to the glory of God, nor any such principle in my heart. Yet God was pleased to make my endeavours, that day, a means to show me my helplessness in some measure.
"Sometimes I was greatly encouraged, and imagined that God loved me, and was pleased with me,-and thought I should soon be fully reconciled to God. But the whole was founded on mere presumption, arising from enlargement in duty, or warmth of affections, or some good resolutions, or the like. And when, at times, great distress began to arise, on a sight of my vileness, and inability to deliver myself from a sovereign God, I used to put off the discovery, as what I could not bear. Once, I remember, a terrible pang of distress seized me; and the thought of renouncing myself, and standing naked before God, stripped of all goodness, was so dreadful to me, that I was ready to say to it, as Felix to Paul, "Go thy way for this time." Thus, though I daily longed for greater conviction of sin; supposing that I must see more of my dreadful state in order to a remedy; yet, when the discoveries of my vile, wicked heart, were made to me, the sight was so dreadful, and showed me so plainly my exposedness to damnation, that I could not endure it. I constantly strove after whatever qualifications I imagined others obtained before the reception of Christ, in order to recommend me to his favour. Sometimes I felt the power of a hard heart, and supposed it must be softened before Christ would accept of me; and when I felt any meltings of heart, I hoped now the work was almost done. Hence, when my distress still remained, I was wont to murmur at God's dealings with me; and thought, when others felt their hearts softened, God showed them mercy; but my distress remained still.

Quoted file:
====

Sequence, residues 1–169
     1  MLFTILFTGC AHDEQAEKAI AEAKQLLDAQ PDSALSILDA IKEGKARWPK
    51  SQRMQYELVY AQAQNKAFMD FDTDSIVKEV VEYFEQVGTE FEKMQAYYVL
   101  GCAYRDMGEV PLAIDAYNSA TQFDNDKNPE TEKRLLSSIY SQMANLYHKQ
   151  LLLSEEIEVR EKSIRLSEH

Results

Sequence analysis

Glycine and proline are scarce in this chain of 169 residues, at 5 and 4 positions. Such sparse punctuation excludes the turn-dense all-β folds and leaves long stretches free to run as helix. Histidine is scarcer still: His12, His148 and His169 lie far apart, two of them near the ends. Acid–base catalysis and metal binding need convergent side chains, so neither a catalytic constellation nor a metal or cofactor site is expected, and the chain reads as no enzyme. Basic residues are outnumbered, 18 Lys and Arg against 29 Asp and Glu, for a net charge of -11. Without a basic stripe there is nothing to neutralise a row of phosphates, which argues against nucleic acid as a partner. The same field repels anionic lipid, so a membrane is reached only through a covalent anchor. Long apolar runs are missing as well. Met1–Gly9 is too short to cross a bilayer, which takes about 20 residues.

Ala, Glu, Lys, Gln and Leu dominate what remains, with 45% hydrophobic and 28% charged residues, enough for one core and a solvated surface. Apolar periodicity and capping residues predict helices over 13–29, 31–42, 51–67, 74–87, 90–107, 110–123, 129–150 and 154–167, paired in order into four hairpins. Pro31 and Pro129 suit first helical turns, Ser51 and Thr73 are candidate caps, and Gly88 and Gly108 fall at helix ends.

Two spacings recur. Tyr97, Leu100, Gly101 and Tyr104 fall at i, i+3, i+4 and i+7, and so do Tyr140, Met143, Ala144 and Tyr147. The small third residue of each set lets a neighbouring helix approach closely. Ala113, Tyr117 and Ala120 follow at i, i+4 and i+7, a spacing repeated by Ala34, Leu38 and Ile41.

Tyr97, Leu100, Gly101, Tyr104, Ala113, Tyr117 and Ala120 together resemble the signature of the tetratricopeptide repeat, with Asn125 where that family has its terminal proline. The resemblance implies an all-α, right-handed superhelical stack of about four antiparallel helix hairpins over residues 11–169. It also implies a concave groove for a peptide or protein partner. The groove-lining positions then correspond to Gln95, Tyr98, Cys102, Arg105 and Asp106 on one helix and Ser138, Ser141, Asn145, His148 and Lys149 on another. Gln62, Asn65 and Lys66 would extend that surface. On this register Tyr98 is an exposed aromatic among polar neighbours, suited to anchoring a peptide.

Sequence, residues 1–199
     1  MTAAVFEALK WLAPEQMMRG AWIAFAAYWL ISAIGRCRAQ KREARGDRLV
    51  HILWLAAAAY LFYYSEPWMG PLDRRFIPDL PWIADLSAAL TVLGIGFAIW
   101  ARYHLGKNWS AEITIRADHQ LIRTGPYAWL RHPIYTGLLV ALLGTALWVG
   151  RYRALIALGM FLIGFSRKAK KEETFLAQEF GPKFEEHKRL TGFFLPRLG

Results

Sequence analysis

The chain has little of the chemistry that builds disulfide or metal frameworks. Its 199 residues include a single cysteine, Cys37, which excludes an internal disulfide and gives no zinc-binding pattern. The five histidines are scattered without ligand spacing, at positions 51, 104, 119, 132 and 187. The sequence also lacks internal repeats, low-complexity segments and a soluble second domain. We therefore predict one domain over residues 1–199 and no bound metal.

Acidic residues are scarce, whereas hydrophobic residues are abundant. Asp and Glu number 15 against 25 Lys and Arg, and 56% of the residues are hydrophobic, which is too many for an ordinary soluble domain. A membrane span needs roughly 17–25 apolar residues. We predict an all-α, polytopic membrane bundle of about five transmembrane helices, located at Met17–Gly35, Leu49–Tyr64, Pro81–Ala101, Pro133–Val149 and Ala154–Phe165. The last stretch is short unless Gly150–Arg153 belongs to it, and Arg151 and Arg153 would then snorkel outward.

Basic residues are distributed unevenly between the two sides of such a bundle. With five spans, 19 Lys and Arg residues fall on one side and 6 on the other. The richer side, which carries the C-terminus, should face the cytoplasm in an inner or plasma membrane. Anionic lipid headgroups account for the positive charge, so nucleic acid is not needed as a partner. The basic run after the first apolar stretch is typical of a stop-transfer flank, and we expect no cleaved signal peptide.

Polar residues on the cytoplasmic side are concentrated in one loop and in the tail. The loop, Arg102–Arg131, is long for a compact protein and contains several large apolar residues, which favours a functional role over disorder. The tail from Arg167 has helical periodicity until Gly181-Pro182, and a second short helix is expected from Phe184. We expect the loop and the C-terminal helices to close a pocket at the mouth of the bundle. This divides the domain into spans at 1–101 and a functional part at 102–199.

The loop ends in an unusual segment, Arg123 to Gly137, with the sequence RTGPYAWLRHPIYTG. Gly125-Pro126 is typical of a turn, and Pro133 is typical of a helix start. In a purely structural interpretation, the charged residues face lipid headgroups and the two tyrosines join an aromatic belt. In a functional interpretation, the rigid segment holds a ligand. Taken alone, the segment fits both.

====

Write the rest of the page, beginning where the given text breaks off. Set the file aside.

"At times I grew remiss and sluggish, without any great convictions of sin, for a considerable time together; but after such a season, convictions seized me more violently. One night I remember in particular, when I was walking solitarily abroad, I had opened to me such a view of my sin, that I feared the ground would cleave asunder under my feet, and become my grave; and would send my soul quick into hell, before I could get home. Though I was forced to go to bed, lest my distress should be discovered by others, which I much feared; yet I scarcely durst sleep at all, for I thought it would be a great wonder if I should be out of hell in the morning. And though my distress was sometimes thus great, yet I greatly dreaded the loss of convictions, and returning back to a state of carnal security, and to my former insensibility of impending wrath; which made me exceedingly exact in my behaviour, lest I should stifle the motions of God's Holy Spirit. When at any time I took a view of my convictions, and thought the degree of them to be considerable, I was wont to trust in them;